To the current state of monetarism, "rational" action is to get out of negative yielding money markets and into something more risky to generate relatively better and positive returns. In the real economy, that isn't the likely first priority, especially when expected returns on even risky assets are next to nothing and getting more so with each intervention. The ECB is only contributing to its own downward spiral; the only way to make money is by anticipating what it might be that the ECB buys next (just like Japan). There is no actual move toward "animal spirits" because real economy participants just aren't as stupid as monetarists take them to be.
In the case of Unilever, they have no reason to suspect that monetarism works after having had to "weather" this "recovery" all over the world. Where the company has been most "successful" is again Latin America, in the utter collapse of Brazil, gaining about 18% in sales growth (only 2.4% in volume) in Q1 due to price changes as the people of Brazil are pushed only toward further economic depression. When those are your best results, liquidity and safety are the only priorities no matter how much more absurd central banks make them.
From Unilever's perspective, the company may even be grateful that the ECB would aid it in its issuance of more debt for liquidity, but that doesn't aid the economy and has only sowed increasing populist resentment, because it never goes any further than that; it is the worst kind of "trickle down," because there isn't even much trickle. The very fact that liquidity remains the top priority even now in Europe (as Japan) shows conclusively that QE can never work; QE has always been about expectations, and by now, the only expectations that are being affected are financial firms and even productive corporate businesses betting on only more of it. It isn't "stimulus" so much as increasingly complicated liquidity management, which only keeps the focus on liquidity management.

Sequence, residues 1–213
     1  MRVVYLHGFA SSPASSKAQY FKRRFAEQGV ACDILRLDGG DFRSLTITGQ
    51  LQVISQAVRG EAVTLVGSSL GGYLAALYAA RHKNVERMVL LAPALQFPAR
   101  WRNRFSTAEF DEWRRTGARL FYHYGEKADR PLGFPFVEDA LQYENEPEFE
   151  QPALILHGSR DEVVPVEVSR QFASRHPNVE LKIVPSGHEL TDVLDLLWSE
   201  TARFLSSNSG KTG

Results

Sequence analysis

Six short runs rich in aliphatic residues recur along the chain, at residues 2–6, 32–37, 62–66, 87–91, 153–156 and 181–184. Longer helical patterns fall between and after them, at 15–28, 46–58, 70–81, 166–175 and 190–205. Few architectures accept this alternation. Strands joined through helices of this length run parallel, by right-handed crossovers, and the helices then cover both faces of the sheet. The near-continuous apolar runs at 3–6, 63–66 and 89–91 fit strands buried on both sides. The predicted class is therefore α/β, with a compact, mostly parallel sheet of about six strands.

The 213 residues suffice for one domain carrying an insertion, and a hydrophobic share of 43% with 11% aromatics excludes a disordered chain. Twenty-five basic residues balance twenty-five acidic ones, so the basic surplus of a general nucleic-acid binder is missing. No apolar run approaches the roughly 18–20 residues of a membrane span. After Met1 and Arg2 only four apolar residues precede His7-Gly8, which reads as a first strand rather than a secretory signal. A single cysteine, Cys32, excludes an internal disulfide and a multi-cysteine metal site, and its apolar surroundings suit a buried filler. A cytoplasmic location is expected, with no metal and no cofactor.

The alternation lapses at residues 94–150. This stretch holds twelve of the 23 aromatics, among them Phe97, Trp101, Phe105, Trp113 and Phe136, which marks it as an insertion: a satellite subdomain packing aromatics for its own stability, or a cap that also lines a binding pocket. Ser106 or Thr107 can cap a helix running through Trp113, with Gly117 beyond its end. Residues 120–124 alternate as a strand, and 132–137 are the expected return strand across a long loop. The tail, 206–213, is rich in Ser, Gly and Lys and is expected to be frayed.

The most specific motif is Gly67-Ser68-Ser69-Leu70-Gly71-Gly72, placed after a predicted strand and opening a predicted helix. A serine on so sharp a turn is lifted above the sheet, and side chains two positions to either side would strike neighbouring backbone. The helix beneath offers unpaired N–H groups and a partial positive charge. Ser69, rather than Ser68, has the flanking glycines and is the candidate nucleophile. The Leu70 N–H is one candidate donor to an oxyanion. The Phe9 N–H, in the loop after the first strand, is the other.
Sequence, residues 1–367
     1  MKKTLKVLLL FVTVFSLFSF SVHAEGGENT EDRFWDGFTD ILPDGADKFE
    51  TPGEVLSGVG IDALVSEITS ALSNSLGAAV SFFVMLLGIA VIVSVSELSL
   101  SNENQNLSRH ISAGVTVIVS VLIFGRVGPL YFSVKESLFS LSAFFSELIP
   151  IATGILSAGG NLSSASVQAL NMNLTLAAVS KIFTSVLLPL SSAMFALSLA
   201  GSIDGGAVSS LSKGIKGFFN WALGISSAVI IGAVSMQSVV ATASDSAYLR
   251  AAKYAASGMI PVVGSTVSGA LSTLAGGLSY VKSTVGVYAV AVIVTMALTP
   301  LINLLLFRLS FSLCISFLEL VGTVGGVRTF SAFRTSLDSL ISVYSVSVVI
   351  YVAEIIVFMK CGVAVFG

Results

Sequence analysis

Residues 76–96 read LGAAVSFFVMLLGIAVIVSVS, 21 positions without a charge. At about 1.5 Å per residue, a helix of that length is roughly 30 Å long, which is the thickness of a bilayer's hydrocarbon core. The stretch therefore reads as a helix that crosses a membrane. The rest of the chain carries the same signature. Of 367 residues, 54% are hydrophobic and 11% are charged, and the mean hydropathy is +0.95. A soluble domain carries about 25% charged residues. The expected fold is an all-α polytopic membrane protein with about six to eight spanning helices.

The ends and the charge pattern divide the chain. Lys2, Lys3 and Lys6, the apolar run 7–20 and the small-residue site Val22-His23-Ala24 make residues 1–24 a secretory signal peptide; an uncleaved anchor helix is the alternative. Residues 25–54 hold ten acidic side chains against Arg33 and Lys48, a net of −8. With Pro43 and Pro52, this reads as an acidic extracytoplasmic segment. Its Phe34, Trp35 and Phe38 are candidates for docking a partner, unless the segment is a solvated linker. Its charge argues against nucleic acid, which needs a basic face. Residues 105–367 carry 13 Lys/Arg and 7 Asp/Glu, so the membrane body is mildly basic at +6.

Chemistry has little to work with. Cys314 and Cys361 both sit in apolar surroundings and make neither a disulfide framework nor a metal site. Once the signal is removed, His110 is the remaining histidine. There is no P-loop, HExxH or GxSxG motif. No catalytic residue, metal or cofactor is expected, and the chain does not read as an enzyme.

That much is sure as more and more assets are driven negative. At some point, you would think the ECB would realize that rather than negative rates being "stimulus," they are just as likely, if not more so, to be deflationary and depressive. Then again, the Bank of Japan has been at it for more than a quarter century, and everything they repeat is still called "stimulus" no matter how obvious the lack of results or the repeated incidences of harm. The more it becomes clear that central bankers will not stop themselves (and nobody seems even close to discussing the possibility of making them stop), the more global businesses of all sizes will increasingly have to devote resources to living under these conditions, hardening exactly all the wrong sorts of habits and priorities.